NCGPS (as well as other aliases posted by this or another user with similar interests, viewpoints an writing style) is clearly the developer or has some form of vested interest in commercializing this property… because if NCGPS were truly a resident he/she would know how damaging this commercialization of residential property is to the residents that will be affected and the town overall. This is NOT the middle of nowhere. This is the Town of New Castle. Your discussion points only further prove your ignorance about the area that you are looking to negatively impact.

Downtown is indeed suffering. Not because of population density, but because of the economy and ecommerce alternatives. Perhaps additional residents may help, but do we really need a HOTEL? I don’t think so. Or a Spa? There are plenty already it town, one could argue there are too many… and I’m sure they too would have a point of view on this new development siphoning business from them when they are already struggling to survive. Same with the idea of a restaurant… local restaurants are going out of business much too frequently, so why should this one survive… and why must any of this be placed on residential property when there is so much depressed commercial real estate available in town and neighboring vicinities just waiting for someone to lease?

“Will help offset the loss of traffic in downtown Chappaqua”… Really?!?! If you lived here, you would know that this property is in much closer proximity to the business districts of Armonk and Mt. Kisco than downtown Chappaqua, so it is doubtful that this is the answer to the business challenges facing downtown Chappaqua.

By DON’T BE FOOLED BY THIS SLICK DEVELOPER, and don’t on 02/08/2014 at 1:32 pm


“This is a project that will raise all residential home values”… really!?!!? Tell that to all the people who live on that side of town, or those unfortunate people who happen to live on Tripp Street and along Route 128 who will experience serious sewage issues, serious well water issues, dangerous traffic, property value losses and a complete disruption and disturbance of the rural, residential, serene character of the neighborhood.

“When it comes to a project like this, this is a project that makes sense for all but a handful of residents that would like to stop this project”… Really?!?!? Because if you lived here, you would know how much local residents treasure the rural and residential characteristics of where we live. Additionally “all but a handful of residents” is not only untrue, but who are you to determine that the “handful of residents” most (TOTALLY AND COMPLETELY) disrupted by this don’t count!? Additionally, has the developer of this project or the Town of New Castle even notified people of this town that this is even being considered? I know people that live two houses away from this property line who were not even aware of this. They are now! How is this possible? Shame on the developer AND the town for not properly notifying residents and all other potentially affected parties.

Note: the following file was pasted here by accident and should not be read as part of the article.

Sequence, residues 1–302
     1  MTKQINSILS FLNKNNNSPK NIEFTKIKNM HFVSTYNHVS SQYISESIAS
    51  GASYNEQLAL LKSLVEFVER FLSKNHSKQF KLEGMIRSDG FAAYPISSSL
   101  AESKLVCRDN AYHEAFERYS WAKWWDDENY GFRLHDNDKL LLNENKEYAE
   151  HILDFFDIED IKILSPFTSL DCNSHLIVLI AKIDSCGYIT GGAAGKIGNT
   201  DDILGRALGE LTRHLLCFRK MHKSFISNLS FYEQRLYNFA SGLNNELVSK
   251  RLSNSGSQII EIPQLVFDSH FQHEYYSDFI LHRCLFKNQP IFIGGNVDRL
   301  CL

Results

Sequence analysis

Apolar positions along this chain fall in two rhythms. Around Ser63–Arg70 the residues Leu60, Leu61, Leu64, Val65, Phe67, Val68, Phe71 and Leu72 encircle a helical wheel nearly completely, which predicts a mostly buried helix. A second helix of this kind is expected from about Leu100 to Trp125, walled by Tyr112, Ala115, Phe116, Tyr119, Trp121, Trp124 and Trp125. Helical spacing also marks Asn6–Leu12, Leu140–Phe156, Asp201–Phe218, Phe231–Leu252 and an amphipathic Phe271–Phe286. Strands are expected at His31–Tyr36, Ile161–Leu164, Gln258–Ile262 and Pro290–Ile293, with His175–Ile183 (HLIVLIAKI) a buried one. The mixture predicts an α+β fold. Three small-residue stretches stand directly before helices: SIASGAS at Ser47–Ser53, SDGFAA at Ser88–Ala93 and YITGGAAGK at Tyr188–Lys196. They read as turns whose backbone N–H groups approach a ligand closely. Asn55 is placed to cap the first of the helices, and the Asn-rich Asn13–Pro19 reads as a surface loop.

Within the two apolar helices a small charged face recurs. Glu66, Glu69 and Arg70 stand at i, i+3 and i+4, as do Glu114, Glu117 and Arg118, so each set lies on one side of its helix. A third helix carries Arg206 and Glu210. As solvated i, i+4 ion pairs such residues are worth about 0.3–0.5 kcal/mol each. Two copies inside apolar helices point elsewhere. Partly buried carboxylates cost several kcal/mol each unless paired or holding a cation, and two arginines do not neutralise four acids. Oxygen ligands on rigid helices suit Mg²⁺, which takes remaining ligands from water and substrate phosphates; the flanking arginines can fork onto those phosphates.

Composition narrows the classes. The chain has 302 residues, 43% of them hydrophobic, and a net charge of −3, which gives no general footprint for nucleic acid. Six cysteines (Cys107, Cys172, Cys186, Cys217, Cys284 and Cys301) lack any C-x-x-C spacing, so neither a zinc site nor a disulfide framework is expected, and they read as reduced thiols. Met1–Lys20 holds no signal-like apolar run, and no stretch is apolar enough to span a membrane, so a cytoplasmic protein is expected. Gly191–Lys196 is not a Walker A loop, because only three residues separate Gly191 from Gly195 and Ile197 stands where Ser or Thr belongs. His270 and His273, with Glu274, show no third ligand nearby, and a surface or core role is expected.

“This is a project that can truly allow all residents to go on retreat and treat themselves just minutes away from their home”…. Really?!?! Because if you lived here, you would realize that our homes ARE ALREADY our retreats, and this development threatens to change those unique characteristics that make New Castle our home, and turn our home retreats into a traffic burdened, noisy, obnoxious commercial nightmare.

“Are you tired of your overly quiet natural setting?”… NO! NO! NO! And that’s the point! This is our home, and this is why we moved to the Town of New Castle.

By DON’T BE FOOLED BY THIS SLICK DEVELOPER, and don’t on 02/08/2014 at 1:33 pm


“It is a property that many living in the area have never seen, never experienced, and never will if left to remain either”… True! It is currently private property, owned by a religious institution, and trespassing on this property would be illegal. Likewise, because of this, it does not currently attract large amounts of traffic or other disruptions to the neighborhood or town. We like it that way. We hope that whoever purchases and redevelops this land will do so according to the zoning established for this property, and this neighborhood, and would welcome the addition of new neighbors to our town.

“If you are advocating that we utilize the existing laws to try and stop this project; I and many others in the Community are not in your corner. Both the Federal and State level Governments are useless”…. Really?!?!? Existing laws are EXISTING LAWS. Let’s not break them merely so that a developer from Millwood, NJ can benefit on the heels of and to the dismay of New Castle residents. Additionally, we fully expect the Town of New Castle to abide and rule according to all Federal, State and local laws, statutes, ordinances and codes related to this project, the environment and the last-resort tactic of creating attempting to create “floating zone” (which appears to be more of a camouflaged “spot zone” complete with all the smoke and mirrors needed to confuse a newly appointed town board).